Personally I don't condone the use of Rollkur, I find it excessive and unnecessary. That said, I don't compete at a level where it would be of any benefit to me or my horses.
One point though, I found the quote chosen to illustrate the negative effects of Rollkur to be written in a persuasive tone, appealling to peoples emotions rather than actually outlining WHY it is a bad idea:
Rollkur is bad-
“Hyper flexion, otherwise known as “Rolkur,” is such a strong reminder of how much horses do for us in spite of our ignorance, our mistakes and, in this case, our need to win. I think any real horse lover gets a terrible feeling in their stomach when they see this kind of torture all in the name of performance. Not only is there the potential physical damage and pain, but the mental and emotional indignity is, to us, even worse. Here is this beautiful animal forced into a helpless position where he can see nothing but the ground underneath him...and what for? To win a prize that means nothing to the horse?”
Here is another description that is a little more factual:
"Those who disagree with rollkur say it goes against the principles of classical dressage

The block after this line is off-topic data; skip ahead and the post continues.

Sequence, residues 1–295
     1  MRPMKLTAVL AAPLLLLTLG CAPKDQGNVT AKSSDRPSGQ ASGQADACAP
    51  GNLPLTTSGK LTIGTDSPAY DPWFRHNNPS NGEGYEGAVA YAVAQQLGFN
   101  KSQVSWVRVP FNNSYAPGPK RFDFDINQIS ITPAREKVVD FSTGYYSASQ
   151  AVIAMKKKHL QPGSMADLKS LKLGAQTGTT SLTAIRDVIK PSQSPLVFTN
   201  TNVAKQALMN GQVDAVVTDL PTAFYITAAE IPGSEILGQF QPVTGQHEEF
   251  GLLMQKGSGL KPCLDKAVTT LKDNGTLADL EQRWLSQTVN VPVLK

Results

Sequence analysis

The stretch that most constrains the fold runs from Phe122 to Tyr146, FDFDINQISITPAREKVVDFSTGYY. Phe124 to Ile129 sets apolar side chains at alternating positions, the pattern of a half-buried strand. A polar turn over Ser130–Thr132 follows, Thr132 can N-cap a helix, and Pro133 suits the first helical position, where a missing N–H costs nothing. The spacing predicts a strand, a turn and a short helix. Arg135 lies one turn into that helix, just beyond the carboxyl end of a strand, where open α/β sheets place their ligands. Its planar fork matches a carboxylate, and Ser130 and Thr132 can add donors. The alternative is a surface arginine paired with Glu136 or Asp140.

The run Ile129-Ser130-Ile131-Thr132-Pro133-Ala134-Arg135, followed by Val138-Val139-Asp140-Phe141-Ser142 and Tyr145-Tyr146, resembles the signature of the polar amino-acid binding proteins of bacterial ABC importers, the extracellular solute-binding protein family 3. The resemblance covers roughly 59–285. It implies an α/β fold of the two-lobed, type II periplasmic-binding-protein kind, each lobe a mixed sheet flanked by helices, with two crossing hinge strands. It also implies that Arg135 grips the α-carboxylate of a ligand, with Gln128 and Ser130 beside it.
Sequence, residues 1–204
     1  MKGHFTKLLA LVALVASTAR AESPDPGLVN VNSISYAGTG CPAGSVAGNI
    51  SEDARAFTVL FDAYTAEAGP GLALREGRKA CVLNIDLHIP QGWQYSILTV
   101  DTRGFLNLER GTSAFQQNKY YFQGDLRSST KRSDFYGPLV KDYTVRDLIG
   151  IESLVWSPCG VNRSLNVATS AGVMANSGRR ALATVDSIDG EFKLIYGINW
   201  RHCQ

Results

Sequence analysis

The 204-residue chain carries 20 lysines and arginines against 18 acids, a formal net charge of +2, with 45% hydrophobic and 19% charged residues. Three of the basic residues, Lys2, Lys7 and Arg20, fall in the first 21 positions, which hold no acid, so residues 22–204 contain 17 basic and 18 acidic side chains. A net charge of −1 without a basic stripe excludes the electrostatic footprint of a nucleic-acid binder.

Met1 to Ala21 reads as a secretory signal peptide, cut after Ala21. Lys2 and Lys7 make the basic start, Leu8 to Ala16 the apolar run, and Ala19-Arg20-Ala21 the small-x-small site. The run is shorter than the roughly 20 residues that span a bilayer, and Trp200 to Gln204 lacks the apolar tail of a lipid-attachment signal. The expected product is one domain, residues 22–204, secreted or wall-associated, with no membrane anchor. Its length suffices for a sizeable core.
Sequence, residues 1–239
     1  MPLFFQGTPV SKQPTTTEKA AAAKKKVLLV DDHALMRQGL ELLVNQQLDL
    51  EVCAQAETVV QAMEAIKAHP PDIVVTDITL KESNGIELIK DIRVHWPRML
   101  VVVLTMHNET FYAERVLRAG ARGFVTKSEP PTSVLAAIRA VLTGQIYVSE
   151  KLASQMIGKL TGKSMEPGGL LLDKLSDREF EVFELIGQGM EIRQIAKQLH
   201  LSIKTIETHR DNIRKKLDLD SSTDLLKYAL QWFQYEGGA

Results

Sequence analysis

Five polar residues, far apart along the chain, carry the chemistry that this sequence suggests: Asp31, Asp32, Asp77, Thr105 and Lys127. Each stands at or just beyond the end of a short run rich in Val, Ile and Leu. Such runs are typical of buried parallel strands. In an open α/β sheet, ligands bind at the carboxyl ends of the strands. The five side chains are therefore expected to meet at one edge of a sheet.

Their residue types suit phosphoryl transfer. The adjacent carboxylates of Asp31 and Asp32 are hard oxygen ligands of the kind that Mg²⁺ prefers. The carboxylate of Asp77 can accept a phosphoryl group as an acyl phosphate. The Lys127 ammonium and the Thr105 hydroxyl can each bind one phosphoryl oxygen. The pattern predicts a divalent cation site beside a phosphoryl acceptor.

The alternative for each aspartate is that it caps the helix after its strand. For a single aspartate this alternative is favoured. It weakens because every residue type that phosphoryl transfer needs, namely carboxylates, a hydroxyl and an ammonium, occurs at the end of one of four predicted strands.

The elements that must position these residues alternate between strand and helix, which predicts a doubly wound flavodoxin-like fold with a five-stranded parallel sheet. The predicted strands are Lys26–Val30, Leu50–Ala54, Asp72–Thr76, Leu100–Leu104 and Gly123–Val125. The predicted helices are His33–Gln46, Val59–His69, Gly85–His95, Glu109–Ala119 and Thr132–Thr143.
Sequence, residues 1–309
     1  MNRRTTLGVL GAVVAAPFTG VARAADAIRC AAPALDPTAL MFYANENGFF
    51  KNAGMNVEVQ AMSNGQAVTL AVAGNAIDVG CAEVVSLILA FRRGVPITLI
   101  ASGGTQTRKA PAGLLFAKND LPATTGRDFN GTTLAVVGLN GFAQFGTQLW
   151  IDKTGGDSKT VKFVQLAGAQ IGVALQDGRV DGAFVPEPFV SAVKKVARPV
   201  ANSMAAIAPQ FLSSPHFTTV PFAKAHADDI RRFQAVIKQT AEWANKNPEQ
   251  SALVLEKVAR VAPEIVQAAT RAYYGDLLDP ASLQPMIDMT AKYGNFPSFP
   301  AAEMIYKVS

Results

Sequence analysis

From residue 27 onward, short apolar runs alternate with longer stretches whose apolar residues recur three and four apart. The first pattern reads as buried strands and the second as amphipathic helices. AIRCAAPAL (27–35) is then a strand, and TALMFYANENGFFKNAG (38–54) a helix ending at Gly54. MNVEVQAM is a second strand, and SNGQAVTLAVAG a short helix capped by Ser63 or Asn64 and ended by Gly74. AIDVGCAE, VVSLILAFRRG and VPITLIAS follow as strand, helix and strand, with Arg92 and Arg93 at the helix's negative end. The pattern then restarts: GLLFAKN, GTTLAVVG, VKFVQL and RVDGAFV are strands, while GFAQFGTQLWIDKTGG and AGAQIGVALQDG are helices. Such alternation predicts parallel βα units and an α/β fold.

and the written rules of the FEI
. This includes the fact that the horse is physically behind the vertical. This makes it difficult to check if the horse is correctly accepting the bit. During hyperflexion of the neck the cervical vertebrae are compressed, where classical dressage promotes lengthening and relaxation of the neck. With rollkur, impulsion
and throughness may be lost due to a stiff, improperly stretched back
. This can easily occur when the hand of the rider is not gently asking the horse to come low (but pulling in) - and/ or the horse is not accepting the hand, but bending in an attempt to evade the hand. A pure disadvantage is that the horse is encouraged to bring its point of gravity towards the forehand
There is also a great debate as to whether rollkur constitutes animal abuse
, both physically due to the held over-flexed position, and mentally due to forced submission. Given that a similar practice is longstanding and routinely seen with the use of draw reins
in schooling horses for events such as western pleasure
, where it is close to being a universal practice (though also controversial in some circles), the debate has major ramifications across different disciplines."
Ripped straight from Wikipedia, not having a go at you SorrelHorse, just wanted to include a quote that sounds a little more solid!
P.S. I agree, Kayty for super mod!!! Responses are always well thought out, honest and respectful, good on you.